Aerobic Exercise for Back Pain
Aerobic exercise means performing a physical activity that causes your heart rate to increase enough to make your body use its oxygen supply to burn fats and glucose. The more oxygen used the greater the carbon dioxide produced, meaning that breathing has to become faster to accommodate this demand.
The aim of participating in aerobic exercise of any type is to elevate the heart rate to increase oxygen consumption, and to achieve a level of manageable breathlessness.
There are two types of aerobic exercise, high-impact and low-impact. High-impact is more challenging and is good when a medium level of fitness has already been achieved.
Low-impact is better for beginners and those who have injuries; it is gentler and participants can build-up gradually to be fit enough to undertake high-impact aerobic exercise.
PreventionAll exercise is good for preventing injuries, with aerobic exercise being especially good. A strong and well-toned body will create a stable and strong spine and spinal structures. Increasing the flexibility and overall strength of the spine can minimise the risk of injury, and if an injury does occur, the pain experienced is likely to be less. High-impact aerobics can actually stimulate bone growth and prevent osteoporosis developing in later life. Low-impact aerobic exercise lowers the risk of ‘jarring’ the spine, and there is a smaller risk of lower back injury in those who participate in this sport.
By undertaking an aerobic exercise programme weight can be more easily managed and a healthy BMI can be maintained. This decreases the stress put on the lower back and prevents muscles and ligaments from becoming strained.Aerobic exercise also increases the production of endorphins, the body’s natural pain killers, meaning that the need for over-the-counter or prescribed drugs will be lessened.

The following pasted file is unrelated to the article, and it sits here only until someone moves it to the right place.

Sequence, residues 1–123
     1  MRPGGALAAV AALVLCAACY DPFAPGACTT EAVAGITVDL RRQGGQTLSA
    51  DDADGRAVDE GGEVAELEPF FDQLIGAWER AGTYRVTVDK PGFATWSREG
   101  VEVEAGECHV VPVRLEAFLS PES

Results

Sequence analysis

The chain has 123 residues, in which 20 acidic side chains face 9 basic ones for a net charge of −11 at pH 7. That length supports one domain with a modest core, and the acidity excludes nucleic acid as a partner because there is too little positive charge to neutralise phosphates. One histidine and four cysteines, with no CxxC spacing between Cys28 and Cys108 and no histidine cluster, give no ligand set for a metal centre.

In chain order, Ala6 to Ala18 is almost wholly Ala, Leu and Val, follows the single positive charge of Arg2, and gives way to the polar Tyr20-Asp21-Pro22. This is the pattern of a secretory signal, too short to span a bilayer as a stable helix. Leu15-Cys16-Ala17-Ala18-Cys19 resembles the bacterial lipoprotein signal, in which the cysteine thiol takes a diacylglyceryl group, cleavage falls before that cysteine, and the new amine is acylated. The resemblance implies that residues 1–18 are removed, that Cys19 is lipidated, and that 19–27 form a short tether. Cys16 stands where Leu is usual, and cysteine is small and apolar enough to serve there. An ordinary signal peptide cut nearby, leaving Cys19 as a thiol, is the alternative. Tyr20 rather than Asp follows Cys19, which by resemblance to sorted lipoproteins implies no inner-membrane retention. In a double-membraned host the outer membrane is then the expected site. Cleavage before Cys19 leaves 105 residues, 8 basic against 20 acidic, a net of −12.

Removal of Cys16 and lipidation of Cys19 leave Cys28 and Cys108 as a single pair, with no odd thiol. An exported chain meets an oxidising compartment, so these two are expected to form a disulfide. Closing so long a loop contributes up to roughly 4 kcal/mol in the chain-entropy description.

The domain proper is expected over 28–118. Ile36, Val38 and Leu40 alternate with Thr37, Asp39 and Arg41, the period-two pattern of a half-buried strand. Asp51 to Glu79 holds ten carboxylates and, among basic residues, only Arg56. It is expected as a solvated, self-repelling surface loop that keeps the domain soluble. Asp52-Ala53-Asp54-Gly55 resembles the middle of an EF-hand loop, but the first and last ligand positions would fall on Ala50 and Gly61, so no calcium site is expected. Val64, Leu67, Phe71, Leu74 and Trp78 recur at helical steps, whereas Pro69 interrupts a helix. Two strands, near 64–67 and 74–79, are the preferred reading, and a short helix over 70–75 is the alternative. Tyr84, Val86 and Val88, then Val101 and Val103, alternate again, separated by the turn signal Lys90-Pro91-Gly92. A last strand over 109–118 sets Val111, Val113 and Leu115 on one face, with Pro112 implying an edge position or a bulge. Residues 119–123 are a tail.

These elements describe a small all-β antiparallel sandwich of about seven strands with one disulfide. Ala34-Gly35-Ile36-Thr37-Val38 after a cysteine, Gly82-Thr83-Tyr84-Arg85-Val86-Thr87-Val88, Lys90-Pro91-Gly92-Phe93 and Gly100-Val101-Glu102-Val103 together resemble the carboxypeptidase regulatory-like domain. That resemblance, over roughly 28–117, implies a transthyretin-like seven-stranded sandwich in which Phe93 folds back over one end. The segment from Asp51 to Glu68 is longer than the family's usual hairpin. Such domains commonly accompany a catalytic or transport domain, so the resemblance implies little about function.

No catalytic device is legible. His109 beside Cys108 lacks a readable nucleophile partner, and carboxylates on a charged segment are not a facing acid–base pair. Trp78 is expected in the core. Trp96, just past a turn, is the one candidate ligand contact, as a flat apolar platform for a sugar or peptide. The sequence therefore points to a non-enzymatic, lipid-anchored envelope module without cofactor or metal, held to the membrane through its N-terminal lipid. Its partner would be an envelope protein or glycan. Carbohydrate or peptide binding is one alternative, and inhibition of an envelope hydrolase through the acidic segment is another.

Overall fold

Types of Aerobic ExerciseWalking is a perfect way for beginners to start a regular programme of aerobic exercise. The level of intensity can be altered when needed, it can be done at any time of the day, it is cheap, reliable and can be a social activity if a group does it together. Walking can also be included on holidays, in all seasons and the setting can be varied.
Step-machines are a good alternative to walking if you need something with less impact. Step-machines work on a gliding principle taking away the jolt from walking on hard ground. Step-machines can be a used in a gym or health centre, or indeed in the users own home if finances permit. Again the level of intensity can be increased with competence and level of fitness.
Aqua-aerobics is a fun group activity that can be found in many leisure centres. The weightlessness and resistance caused by the water is good for those with chronic back pain. Again endorphin levels can be increased and heart rate will rise. Most aqua-aerobic providers have different classes depending on the level of fitness and competence at the activity.
Aerobic classes have become extremely fashionable in the last twenty years. They allow for beginners to progress right up to an expert level, with individual classes targeted at each group’s level. They provide a social scenario, which can help alleviate the feelings of loneliness and depression associated with chronic back pain.
It is essential for participants of any activity or class to inform their instructor of any existing injury or complaint, as particular exercises may be unsuitable.
Each person should choose an activity that they are comfortable with and that they will not get bored of to ensure longevity. Programmes should start gradually at an appropriate level and build up fitness slowly to avoid an injury being sustained.
Aerobic exercise can be a very good way of preventing any back injuries occurring in the first place. If an injury does already exist, this type of exercise can help to lower pain level experienced and prevent the condition from deteriorating. An exercise programme should become a way of life and included on a long-term and regular basis into every individuals lifestyle.